Saturday, February 04, 2012

The Noodle Box (Kitsilano)


After a delightful mini lunch at Thomas Haas, we headed to The Noodle Box a short 4-minute drive away for some free noodles thanks to Janice. She had a couple of gift cards that entitled us to 2 food items up to $14 each. We probably never would have visited the place if not for the gift cards, because none of us believed in Pan Asian cuisine prepared by Western chefs. We knew we were in for an unauthentic experience when we saw that there wasn't a single Chinese customer in the store apart from us. We spent a long time studying the menu above the food counter. I decided to try the Singapore cashew curry with prawns ($14) because I was curious about how close it would come to the real thing. Needless to say, I was disappointed by the lack of flavour. The so-called curry tasted worse than instant curry from the supermarket. The sauce was spicy (much spicier than the mild+ I requested), but that was all I could taste along with an extremely grainy texture. The amount of sauce in the dish was somewhat awkward as well. There was too much sauce for dry noodles and too little sauce for wet noodles. It tasted like the dish had been cooked with lots of sauce, then set aside to dry for a few hours.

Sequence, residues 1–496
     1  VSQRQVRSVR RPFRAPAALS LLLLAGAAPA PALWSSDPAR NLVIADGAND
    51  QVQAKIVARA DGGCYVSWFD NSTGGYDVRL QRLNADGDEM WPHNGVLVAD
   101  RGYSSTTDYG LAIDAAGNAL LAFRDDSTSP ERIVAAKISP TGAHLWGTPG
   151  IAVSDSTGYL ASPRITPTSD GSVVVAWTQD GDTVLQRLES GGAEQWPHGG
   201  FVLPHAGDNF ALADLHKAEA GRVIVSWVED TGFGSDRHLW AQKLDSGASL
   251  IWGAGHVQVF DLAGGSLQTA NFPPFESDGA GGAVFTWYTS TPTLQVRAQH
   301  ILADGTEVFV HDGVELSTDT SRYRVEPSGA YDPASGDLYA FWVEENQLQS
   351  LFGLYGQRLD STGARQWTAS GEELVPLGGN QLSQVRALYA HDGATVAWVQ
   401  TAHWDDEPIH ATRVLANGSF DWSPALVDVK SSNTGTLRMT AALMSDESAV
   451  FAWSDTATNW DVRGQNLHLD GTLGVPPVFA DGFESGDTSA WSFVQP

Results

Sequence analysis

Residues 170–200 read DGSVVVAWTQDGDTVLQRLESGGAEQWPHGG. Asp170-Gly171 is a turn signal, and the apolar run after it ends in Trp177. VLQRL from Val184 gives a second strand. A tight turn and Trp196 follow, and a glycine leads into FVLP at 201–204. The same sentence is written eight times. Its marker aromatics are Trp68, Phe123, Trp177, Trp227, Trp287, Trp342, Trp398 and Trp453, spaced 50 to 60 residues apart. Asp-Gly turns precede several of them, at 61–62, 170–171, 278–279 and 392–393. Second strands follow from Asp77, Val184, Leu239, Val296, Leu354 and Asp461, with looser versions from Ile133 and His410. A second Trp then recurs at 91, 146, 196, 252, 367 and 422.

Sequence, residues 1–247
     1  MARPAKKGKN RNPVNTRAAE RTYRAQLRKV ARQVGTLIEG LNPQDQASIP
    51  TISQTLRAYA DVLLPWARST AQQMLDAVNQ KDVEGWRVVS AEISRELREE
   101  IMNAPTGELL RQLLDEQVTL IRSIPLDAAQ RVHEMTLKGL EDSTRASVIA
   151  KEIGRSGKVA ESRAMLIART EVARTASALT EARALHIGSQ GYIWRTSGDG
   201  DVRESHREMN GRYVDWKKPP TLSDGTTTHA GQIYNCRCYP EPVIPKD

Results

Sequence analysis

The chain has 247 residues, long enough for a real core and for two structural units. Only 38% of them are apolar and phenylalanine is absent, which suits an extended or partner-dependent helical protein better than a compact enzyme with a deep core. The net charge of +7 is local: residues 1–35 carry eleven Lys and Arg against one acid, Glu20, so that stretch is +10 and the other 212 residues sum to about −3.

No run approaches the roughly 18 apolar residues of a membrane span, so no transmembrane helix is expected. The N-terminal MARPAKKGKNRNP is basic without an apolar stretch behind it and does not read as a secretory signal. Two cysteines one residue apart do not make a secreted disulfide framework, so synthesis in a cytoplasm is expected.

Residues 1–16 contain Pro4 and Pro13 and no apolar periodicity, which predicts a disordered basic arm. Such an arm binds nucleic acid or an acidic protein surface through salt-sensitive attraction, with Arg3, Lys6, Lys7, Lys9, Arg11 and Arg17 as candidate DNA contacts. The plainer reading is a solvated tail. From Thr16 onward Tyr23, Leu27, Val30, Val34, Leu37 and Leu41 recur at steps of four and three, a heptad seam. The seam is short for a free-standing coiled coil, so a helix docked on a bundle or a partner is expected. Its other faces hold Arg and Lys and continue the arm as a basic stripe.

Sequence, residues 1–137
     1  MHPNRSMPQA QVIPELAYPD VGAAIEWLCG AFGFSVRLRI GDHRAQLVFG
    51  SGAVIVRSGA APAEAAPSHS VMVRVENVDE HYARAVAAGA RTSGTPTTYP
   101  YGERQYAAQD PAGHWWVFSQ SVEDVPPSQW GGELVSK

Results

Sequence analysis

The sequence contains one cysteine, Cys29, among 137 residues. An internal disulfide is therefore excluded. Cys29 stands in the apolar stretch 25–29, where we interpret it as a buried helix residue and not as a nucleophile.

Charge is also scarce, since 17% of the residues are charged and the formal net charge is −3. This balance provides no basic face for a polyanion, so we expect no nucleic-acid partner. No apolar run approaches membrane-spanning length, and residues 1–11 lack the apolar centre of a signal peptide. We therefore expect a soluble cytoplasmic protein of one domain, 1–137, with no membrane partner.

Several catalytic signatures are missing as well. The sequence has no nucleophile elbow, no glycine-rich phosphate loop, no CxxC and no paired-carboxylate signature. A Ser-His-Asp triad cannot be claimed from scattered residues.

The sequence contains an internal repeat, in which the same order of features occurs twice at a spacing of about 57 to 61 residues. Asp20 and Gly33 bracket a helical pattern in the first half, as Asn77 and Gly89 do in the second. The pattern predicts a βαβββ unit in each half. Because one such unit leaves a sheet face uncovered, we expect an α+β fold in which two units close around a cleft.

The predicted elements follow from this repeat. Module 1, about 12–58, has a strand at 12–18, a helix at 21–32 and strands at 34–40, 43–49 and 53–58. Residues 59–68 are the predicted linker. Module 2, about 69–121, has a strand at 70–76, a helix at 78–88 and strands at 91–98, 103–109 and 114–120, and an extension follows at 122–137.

Janice and Kirby wanted the spicy peanut noodle box with prawns ($14), which is one of the most popular items here. The sauce was smoother and creamier than the curry, but there was similarly no depth to the flavour. I found it pretty sad that this was supposed to be the signature dish. I could get better noodles at almost any Chinese restaurant.


We didn't like the food much, so we packed most of it to go. The cute takeout cartons look really small, but surprisingly they can each hold an entire order of noodles. Our leftovers filled up only half the box.


The main issue with the dishes was that they lacked wok hei (鑊氣), literally translated as "wok's air". Wok hei is the texture, flavour, and character of the dish produced by the action of cooking at high temperatures on an open flame with quick tossing and stir frying techniques. From what I saw in the open kitchen, the flames were rather tame and the tossing and frying wasn't very professional. Considering the less-than-desirable taste and lack of table service, I find the prices absolutely absurd and have no plans to come back. But it seems like they have an established clientele with tastes catered to their cooking, so I think people who buy into the whole pseudo Asian food concept would enjoy the food here.

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